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Here I have attached to genitalia photograph of 2 Loepa sp.
Location: Naga Hills, Manipur, NE India.
Date of collection: July 2016
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Dear Jatishwor:
Yes, It is Loepa katinka. The type locality of Loepa katinka is Assam, a state in northeastern India. Located south of the eastern Himalayas.  Your specimen is  from the Naga Hills  a district  of the Assam Province in northeastern India too.
According to Nässig & Treadaway (1988: 175)  the accepted type species of Loepa, Saturnia katinka Westwood, appeared to be based on a misidentification, and later (Nässig & Treadaway 1998: 389) noted that the accepted authorship of the genus, as Moore, 1860 in Horsfield & Moore, “1858–1859“, was incorrect. Nässig & Treadaway (1998) corrected the latter to Moore, 1859 but reserved resolving the apparent type species misidentification until a thorough literature study had been conducted and, if necessary, the case had been prepared for submission to the ICZN.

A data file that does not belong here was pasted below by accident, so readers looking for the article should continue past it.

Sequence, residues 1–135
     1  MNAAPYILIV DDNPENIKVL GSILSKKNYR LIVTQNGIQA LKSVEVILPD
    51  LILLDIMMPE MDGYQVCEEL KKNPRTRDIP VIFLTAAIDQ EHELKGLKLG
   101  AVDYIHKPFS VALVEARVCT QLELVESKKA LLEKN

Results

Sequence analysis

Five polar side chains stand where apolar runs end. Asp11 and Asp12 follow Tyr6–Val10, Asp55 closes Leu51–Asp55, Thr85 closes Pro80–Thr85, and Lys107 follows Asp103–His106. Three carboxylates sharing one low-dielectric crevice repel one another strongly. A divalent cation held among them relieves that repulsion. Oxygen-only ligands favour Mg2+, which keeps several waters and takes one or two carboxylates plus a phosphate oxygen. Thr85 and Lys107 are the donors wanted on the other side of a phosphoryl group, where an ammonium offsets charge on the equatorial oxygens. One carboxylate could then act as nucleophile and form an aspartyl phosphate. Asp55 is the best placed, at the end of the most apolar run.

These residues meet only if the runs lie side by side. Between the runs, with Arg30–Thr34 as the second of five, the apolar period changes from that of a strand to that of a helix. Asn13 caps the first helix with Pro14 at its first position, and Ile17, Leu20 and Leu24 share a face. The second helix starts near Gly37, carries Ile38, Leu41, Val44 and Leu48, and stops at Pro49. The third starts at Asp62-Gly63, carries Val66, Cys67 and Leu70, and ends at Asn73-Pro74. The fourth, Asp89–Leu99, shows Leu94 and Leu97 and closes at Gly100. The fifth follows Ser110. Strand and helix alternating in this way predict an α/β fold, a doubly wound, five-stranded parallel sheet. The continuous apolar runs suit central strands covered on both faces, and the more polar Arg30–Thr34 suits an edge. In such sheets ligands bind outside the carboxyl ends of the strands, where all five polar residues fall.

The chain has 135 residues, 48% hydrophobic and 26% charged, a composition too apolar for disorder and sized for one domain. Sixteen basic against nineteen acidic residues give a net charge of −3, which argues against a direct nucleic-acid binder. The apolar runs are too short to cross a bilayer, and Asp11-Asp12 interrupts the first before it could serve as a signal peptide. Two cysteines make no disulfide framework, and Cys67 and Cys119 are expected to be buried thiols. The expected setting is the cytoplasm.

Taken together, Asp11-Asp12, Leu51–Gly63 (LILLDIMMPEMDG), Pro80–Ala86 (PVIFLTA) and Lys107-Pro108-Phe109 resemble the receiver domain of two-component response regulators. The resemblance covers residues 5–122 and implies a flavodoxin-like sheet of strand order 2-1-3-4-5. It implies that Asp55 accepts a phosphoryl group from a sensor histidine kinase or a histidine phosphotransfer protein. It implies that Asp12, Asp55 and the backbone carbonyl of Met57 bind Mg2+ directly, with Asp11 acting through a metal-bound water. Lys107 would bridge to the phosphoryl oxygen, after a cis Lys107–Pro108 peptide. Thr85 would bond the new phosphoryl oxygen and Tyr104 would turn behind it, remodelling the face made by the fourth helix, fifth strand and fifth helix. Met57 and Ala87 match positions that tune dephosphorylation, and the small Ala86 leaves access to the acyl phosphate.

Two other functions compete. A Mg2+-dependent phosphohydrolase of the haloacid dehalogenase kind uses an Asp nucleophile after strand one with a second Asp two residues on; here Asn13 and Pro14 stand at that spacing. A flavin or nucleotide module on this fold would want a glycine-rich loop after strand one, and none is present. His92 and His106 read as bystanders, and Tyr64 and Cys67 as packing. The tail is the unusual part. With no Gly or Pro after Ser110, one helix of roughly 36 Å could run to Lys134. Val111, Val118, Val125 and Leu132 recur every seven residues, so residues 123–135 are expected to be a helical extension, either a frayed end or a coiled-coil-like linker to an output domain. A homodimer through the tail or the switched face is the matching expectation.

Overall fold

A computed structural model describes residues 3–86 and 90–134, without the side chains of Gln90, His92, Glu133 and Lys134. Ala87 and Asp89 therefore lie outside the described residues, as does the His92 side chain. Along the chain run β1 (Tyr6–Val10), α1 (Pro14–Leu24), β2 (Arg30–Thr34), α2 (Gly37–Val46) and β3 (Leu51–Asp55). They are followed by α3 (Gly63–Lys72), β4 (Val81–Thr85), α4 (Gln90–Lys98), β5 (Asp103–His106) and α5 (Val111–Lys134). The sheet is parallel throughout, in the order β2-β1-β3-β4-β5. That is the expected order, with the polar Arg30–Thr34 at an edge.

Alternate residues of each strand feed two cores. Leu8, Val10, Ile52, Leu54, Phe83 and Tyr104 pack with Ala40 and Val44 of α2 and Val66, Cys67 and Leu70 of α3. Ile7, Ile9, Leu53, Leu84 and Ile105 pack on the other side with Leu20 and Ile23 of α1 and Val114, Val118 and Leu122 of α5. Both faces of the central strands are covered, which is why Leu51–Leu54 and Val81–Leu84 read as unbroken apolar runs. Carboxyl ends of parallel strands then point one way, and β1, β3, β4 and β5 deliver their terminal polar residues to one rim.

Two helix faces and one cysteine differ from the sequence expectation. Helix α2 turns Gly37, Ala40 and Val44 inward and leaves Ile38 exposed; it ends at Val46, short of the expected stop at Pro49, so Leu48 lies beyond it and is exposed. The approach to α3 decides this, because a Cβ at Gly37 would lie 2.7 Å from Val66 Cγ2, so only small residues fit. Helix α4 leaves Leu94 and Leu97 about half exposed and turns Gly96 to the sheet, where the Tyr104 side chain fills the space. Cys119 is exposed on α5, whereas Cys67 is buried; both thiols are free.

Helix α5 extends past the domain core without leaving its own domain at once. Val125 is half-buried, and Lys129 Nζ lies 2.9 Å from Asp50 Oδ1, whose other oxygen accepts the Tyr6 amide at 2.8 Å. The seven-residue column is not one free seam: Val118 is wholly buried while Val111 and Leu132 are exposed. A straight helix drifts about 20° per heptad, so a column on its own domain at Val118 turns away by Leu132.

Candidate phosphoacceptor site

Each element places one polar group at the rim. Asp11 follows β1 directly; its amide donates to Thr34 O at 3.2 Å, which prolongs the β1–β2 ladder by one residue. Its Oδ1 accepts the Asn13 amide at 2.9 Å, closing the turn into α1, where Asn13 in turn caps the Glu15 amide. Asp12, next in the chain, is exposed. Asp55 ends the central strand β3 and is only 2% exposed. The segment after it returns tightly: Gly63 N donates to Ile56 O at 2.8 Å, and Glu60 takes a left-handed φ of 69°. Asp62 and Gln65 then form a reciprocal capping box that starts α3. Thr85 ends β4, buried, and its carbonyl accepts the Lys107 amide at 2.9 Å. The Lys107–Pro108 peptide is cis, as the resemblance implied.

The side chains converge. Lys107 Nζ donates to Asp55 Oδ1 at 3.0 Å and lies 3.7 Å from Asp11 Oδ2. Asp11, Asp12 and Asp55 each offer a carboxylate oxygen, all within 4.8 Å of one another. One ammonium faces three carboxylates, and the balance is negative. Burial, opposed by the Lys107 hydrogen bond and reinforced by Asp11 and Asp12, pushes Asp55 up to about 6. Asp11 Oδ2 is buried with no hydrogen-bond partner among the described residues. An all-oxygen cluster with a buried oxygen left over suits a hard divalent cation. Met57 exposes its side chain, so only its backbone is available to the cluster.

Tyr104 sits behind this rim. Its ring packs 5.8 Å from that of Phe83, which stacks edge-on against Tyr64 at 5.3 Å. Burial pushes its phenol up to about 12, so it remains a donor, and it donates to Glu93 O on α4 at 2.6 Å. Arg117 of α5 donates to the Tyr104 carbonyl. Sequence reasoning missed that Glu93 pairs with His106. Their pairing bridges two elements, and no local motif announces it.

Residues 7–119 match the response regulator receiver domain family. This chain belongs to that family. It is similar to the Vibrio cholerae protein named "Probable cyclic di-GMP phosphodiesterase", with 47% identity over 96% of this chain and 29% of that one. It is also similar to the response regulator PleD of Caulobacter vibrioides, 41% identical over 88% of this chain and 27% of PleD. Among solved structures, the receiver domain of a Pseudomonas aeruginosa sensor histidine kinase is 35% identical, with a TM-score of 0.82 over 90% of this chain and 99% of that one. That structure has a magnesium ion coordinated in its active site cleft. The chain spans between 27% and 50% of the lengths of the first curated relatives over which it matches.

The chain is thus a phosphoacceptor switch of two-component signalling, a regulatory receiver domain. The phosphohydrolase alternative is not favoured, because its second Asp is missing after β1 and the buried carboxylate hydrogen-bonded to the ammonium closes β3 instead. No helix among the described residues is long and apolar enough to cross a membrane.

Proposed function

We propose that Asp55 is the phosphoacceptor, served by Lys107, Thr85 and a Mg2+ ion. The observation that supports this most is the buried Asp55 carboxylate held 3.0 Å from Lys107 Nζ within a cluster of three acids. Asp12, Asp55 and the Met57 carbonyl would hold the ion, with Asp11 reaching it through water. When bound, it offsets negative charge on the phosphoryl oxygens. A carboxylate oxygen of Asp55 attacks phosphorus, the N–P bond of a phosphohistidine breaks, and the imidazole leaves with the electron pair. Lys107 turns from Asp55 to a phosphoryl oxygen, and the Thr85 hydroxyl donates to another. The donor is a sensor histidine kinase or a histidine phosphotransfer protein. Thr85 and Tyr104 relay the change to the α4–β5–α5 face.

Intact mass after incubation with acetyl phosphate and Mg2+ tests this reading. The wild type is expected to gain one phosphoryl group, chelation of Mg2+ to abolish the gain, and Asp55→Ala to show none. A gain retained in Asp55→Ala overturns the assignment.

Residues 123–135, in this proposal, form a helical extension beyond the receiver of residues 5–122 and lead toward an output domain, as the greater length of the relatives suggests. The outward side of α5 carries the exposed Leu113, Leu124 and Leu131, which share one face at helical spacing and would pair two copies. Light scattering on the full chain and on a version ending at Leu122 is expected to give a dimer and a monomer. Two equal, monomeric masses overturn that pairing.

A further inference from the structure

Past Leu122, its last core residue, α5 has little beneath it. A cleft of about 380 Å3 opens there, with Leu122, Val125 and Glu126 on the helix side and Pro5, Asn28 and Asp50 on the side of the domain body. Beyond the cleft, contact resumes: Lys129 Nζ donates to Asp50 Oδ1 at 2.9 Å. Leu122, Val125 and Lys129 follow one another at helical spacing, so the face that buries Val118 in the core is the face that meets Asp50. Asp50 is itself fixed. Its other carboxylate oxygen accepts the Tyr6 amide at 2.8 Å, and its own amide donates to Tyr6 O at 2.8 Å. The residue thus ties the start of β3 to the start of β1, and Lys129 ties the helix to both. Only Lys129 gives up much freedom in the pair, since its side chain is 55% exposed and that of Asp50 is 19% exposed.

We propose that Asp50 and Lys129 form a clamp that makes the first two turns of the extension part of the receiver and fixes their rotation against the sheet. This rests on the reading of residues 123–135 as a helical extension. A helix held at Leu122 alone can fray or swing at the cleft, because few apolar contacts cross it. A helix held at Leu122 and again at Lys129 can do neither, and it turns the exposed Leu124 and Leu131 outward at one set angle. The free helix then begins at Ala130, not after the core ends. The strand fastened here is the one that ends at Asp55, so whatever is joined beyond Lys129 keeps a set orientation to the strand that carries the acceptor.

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Need to confirm identification of the larvae in the soil (eastern china agricultural landscape). Adult trap data suggest a mix of two species (H. parallela and A. corpulenta) but need to confirm on laval populations. Cannot find any good key on the larvae.
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Dear Maarten van Helden
You may contact the researcher on the same project, they will help you and send the working identification key Pls. find the attached files
Hoping this will be helpful
Regards
Prof. Houda Kawas
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Am working on these three species and need to know the identification procedure for these. Both adult and larvae. Also, enlighten about instar stage identification. Thank you